The modern minuscule (lower-case) G has two basic shapes: the "opentail G" and the "looptail G" . The opentail version derives from the majuscule (capital) form by raising the serif that distinguishes it from a C to the top of the loop, thereby closing the loop, and extending the vertical stroke downward and to the left. The looptail form developed similarly, except that some ornate forms then extended the tail back to the right, and to the left again, forming a loop. The initial extension to the left was absorbed into the upper loop. The looptail version became popular when printing switched to "Roman type" because the tail was effectively shorter, making it possible to put more lines on a page. In the looptail version, there is a tiny flick at the upper right which in typography is called its "ear".
As I looked through our daughter's books and also looked online, it seems that all the more recent books seem to use the "opentail G" without the loop/squiggle. The particular book where she pointed this out was an older Richard Scarry book ("Best Little Word Book Ever") and the same font seems to be used throughout the "Golden Books" series of "classic" children's books. It was also present, though, in other books.
On one level, it was an interesting discussion to have with my daughter (although we could have had it a bit later in the day, really) and an interesting pointer to me to notice the typography in books she is looking at... because she will notice it.
It was also interesting to think about how resources available to parents have changed as well. When confronted with the inevitable "I don't know why it's different", I simply jumped online, went to a site (Wikipedia, in this case) and looked up the info. Fascinating world we live... and that's the world my daughter and her peers will be growing up in!
Here's some humo(u)r to start your week back after the (North American) holiday. Since I know from comments that a number of my readers are Canadian, I thought I'd just pass along to a link to a piece I posted last Friday: "How to talk like a Canadian - a 12-step program". It came about after a fellow podcaster said he wasn't sure about going to a conference in Canada because "his Canadian was rusty". A number of Canadians actually helped me improve it a bit. It's posted on my old "North of 45" blog that I used to chronicle our time living in Ottawa from 2000-2005 (north of the 45th parallel).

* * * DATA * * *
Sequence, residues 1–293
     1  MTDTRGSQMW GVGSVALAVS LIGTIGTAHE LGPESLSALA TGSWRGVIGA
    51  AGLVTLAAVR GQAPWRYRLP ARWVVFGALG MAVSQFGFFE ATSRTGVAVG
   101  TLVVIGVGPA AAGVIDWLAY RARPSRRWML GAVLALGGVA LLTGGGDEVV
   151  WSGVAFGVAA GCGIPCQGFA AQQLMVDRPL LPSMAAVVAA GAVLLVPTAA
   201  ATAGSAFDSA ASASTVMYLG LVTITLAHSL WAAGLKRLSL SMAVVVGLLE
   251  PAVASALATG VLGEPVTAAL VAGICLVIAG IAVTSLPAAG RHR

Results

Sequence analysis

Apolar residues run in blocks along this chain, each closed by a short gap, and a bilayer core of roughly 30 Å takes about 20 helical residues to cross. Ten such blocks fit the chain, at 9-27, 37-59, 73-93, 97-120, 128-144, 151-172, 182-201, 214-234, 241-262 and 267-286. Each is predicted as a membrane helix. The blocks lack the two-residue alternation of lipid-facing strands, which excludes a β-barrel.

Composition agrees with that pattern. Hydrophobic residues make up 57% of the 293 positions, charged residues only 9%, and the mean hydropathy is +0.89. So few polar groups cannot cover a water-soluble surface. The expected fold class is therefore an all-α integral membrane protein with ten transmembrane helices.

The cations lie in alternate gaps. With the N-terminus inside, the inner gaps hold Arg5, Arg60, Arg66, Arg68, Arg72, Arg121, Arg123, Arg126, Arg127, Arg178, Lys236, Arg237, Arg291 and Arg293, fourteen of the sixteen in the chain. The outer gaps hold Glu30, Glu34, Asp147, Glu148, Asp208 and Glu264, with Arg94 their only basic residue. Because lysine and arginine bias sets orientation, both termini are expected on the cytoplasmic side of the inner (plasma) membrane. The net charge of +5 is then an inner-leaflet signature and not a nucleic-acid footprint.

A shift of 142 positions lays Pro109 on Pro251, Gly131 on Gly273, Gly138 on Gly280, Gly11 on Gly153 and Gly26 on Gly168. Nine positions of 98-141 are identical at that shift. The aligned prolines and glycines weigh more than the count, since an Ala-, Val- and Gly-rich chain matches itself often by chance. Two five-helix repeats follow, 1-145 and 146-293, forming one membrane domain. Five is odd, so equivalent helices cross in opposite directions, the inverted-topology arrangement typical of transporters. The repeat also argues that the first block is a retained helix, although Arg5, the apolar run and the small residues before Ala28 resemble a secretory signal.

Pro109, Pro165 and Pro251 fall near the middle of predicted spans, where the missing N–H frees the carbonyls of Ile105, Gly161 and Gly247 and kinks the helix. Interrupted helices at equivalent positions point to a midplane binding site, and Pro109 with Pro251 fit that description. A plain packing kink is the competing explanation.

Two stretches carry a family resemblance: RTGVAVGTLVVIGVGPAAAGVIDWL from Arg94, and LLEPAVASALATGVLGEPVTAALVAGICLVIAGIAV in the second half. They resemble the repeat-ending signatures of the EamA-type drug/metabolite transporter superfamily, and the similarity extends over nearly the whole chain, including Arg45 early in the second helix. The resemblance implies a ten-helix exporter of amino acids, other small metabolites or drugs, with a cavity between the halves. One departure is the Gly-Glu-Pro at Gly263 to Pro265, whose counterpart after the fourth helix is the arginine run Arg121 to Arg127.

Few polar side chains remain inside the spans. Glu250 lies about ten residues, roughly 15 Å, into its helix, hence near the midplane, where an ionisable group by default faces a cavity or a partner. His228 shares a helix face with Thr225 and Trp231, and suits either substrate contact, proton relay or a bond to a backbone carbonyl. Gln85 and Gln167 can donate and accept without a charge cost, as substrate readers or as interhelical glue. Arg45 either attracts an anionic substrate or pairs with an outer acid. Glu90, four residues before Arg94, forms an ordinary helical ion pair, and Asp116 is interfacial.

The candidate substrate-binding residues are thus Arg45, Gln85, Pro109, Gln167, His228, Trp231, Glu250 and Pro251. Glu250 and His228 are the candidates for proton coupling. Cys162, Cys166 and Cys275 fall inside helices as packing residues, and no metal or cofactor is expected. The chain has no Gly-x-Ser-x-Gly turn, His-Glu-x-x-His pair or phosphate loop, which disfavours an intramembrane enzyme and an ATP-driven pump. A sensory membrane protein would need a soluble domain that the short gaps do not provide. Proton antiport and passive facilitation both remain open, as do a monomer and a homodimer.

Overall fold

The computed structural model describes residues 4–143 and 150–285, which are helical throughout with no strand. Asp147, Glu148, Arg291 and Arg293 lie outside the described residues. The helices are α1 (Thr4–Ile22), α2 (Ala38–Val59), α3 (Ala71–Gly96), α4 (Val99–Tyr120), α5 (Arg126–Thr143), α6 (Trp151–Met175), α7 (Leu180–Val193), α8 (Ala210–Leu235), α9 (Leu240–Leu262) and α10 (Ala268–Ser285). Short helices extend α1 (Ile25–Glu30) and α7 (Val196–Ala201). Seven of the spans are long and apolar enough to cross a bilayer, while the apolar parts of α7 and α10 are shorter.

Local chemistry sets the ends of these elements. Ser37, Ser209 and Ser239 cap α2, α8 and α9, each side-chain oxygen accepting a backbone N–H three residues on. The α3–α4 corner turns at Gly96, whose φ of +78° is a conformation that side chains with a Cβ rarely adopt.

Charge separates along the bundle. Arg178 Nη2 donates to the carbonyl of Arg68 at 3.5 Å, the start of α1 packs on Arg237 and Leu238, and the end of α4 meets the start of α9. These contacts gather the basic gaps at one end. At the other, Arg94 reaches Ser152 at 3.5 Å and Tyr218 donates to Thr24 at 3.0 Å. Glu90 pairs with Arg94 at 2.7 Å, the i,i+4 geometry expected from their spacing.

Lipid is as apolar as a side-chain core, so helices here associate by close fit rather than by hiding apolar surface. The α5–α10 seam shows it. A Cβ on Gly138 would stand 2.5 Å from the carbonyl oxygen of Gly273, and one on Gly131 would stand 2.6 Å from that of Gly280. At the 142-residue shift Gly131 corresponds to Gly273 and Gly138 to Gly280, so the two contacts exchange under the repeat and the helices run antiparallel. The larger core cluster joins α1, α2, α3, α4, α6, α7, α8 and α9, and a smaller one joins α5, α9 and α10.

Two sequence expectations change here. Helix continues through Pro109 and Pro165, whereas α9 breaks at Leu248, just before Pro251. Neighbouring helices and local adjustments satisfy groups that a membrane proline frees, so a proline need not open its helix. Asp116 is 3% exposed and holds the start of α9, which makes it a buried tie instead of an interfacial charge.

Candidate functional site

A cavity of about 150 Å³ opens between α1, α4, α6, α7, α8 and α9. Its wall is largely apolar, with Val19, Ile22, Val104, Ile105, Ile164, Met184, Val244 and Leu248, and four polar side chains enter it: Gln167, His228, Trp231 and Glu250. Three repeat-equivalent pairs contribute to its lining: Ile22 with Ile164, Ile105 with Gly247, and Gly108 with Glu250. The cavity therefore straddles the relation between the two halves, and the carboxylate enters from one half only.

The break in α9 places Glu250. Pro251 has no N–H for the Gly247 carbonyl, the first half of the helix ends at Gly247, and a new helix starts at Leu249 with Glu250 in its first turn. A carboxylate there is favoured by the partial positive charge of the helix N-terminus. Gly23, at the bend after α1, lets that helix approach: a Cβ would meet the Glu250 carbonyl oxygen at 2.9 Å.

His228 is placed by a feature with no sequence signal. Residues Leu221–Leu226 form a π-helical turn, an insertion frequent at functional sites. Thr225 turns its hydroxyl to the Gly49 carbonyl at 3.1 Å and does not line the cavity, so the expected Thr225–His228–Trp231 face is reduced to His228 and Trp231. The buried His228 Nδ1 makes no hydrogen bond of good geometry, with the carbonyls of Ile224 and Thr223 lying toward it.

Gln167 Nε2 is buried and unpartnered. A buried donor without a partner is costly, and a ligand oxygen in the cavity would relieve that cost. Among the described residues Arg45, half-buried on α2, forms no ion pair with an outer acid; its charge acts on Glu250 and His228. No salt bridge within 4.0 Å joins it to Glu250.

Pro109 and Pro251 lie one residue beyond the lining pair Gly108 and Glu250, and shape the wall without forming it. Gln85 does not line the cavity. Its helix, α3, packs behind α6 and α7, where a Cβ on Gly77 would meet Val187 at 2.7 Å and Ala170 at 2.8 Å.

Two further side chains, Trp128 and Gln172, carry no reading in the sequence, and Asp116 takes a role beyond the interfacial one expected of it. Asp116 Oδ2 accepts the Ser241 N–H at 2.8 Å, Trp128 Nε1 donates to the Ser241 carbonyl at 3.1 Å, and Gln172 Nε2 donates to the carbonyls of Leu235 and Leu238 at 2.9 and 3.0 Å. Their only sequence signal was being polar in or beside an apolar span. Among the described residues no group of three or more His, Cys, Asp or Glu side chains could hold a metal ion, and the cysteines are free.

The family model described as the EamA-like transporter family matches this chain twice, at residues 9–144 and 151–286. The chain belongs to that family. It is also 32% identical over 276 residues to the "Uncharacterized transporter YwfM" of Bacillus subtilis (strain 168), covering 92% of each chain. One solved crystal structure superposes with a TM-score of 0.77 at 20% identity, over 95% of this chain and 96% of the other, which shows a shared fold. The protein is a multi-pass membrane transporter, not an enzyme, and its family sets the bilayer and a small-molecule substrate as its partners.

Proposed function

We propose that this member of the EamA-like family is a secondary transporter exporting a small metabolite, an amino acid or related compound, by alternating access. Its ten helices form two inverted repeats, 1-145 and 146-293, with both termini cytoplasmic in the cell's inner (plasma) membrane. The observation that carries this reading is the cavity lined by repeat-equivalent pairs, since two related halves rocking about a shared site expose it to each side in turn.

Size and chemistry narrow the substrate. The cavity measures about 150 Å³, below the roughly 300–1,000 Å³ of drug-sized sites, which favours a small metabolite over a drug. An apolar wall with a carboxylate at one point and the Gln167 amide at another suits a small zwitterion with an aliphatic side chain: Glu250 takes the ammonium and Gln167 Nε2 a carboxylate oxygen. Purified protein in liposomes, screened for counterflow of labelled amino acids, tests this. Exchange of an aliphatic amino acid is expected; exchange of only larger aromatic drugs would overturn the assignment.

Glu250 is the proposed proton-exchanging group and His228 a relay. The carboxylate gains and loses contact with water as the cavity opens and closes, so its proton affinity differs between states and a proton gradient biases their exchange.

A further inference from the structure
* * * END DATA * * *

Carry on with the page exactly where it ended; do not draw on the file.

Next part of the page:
“There will be linguistic conservatives who will turn their nose up at a word like `ginormous,”' said John Morse, Merriam-Webster's president. “But it's become a part of our language. It's used by professional writers in mainstream publications. It clearly has staying power.”
Okay, perhaps I'm a "linguistic conservative" but I think my major issue is that "ginormous" just sounds stupid! The article goes on:
Visitors to the Springfield-based dictionary publisher's Web site picked “ginormous” as their favorite word that's not in the dictionary in 2005, and Merriam-Webster editors have spotted it in countless newspaper and magazine articles since 2000.
That's essentially the criteria for making it into the collegiate dictionary — if a word shows up often enough in mainstream writing, the editors consider defining it.
Intellectually, I understand. Languages are living things that evolve over time. A good dictionary will attempt to keep pace with the times. So I understand it at that level, but still.... ginormous?
But as editor Jim Lowe puts it: “Nobody has to use `ginormous' if they don't want to.”
Yes, you can count me as one of those, too. I have an extremely hard time ever imagining a circumstance in which "ginormous" would leave my lips or be something I wrote.